Tuesday, September 17, 2013

Liberation from Causes

"That is such a great cause."
"That's so awesome that you're involved in a cause like that."
"What an important cause to support."

These phrases are nails on a blackboard.
I've used them myself.
And it's not that there's anything wrong with a cause, per se.
Sometimes it's a launching point that catapults someone to the next step.
It's just that it's so easy for a cause to stay just that.
A cause. 
A thing to support that evokes an emotional sigh. 

This is what can be difficult about being involved with anti-trafficking efforts. 
It's an easy cause to latch onto.
I mean, what decent human being doesn't want to end human trafficking?

There's a book that I read several months ago called Powers, Weakness, and the Tabernacling of God that I keep sneaking peeks at again on my Kindle. It talks about the powers of this world and how we are not to imitate them, even in efforts to do good. Instead, it presents a theology of weakness that relies on the tabernacling of God both in our own lives and in communal life. Jesus did not approach the leaders of the day to get his message out, but ordinary (or even less than ordinary) men and women. It seems I talk about this idea a lot but it's just so counter-intuitive that I need to remind myself over and over again. I don't naturally want to trust God to work in and through me; I want to do what I can to urge him along.

Marva J. Dawn says, "It is not truly liberating if we participate in worthy (even biblical) causes just because the media makes them the 'issue of the day.' Such fads and fashions pass away when they are no longer front page news."

If we as a (universal) church are to be involved in human trafficking efforts, causes, missions- however we want to label them, then we must make sure that what we are doing looks more like the posture of Jesus than the posture of the powers of this world.

So how do we know whether it's something that we should be a part of or if it's just another fad?

It's kind of a Sunday school answer.

Prayer and listening to God.
When we're choosing which areas to be involved in, we should be asking God. Duh. Sometimes decisions feel like a bit of a trust fall. Yet when we know who will catch us it's easier to let go. When we're already immersed in knowing Him there are a couple ways that help discern God's voice through the narrative of Scripture.

So that brings the question, why trafficking?
A couple simple reasons, actually. 

Theology, what I know from the pages of Scripture to be true, informs who I am and what I do.
At some time in our lives we are all enslaved and need liberation.  As one liberated I am now an *agent of liberation, reconciling all things under Christ. And while salvation is the ultimate liberation, the act of being liberated is an ongoing process. It is never just personal, as we are human beings created to commune with each other. Our liberation is tied together with others, as what we do effects those around us. We are connected to each other as well as responsible to each other. When I find myself enslaved to myself and my own self-interests, it impacts those around me, whether that's my husband and kids or the lady I get annoyed at on the road for not driving as fast as I think she should. This is destructive for everyone around me. Human trafficking is the ultimate expression of slavery that both effects the individual and the community. It is exploitation that effects every aspect of a person's being- physically, mentally, and spiritually. Christ is the only one from whom true freedom can come. We live it when our lives have been changed by it.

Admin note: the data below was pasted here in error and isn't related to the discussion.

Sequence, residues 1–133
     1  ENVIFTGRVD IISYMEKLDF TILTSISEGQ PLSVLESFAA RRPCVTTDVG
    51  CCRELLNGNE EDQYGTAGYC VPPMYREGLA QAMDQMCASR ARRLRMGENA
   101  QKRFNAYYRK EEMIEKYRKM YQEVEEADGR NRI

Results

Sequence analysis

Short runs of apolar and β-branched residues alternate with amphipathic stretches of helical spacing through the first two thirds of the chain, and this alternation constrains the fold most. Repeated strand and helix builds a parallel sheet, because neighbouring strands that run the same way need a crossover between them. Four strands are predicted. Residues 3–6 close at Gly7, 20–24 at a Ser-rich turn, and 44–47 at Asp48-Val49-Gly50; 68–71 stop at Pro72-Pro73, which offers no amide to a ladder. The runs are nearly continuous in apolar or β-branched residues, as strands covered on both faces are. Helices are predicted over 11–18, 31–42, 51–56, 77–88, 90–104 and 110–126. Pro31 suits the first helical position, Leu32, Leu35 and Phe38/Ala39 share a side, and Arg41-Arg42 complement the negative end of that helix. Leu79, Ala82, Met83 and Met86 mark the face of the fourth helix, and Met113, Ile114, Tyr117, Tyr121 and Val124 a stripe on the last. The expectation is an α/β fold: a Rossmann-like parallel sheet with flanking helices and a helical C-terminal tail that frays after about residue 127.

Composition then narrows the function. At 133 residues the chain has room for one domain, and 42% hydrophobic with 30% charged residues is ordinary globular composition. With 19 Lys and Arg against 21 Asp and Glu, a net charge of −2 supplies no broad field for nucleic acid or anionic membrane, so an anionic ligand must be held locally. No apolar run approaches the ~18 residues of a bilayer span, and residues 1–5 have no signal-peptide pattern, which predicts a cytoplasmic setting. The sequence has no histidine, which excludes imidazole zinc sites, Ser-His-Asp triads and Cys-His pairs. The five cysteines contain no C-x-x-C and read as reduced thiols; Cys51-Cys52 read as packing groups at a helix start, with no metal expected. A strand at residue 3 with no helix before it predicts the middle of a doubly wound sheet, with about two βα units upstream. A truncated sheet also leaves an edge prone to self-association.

The opportunities right in front of us.
The beginning of all of this in my life came through relationships that I've had for years. Friends introduced me to new friends who broadened my circle and helped me see a bigger picture. I was given eyes that have been learning to see what's right in front of me. And that is crucial- it's right in front of me. It's local. It's part of the make-up of our own community. I see things differently and seek out people and places that have been right there all along but I didn't have eyes to see before. I've been able to meet new people that continue this cycle. It's pretty awesome, actually. I get to build relationships with people I wouldn't encounter for any other reason. For a while I wanted to depend on my already-friends to share my passions, but this way is so much better. They can all continue on in the ways in which God made them to impact the world and I can learn how to best support them as they do that, but at the same time I get to meet more incredible people to collaborate with. This is one of the most beautiful ways to see God answer prayers, in giving us eyes to see what is right in front of us. This is where the Holy Spirit guides, in showing us how to be a part of addressing the needs in our path.

*Sidenote- And this is super important- when it comes to the expression "agents of liberation" - the end does not justify the means. How we do this is just as important as that we do it at all- not through oppressive means that are just an alternative to another way of controlling or holding power above, but through a theology of weakness that relies on the power of the cross (God's ultimate display of power over evil, sin, death and corrupted power through an act of weakness). We cannot force, we can offer. We cannot manipulate, we can love. This is especially true in dealing with people who are used to being controlled.

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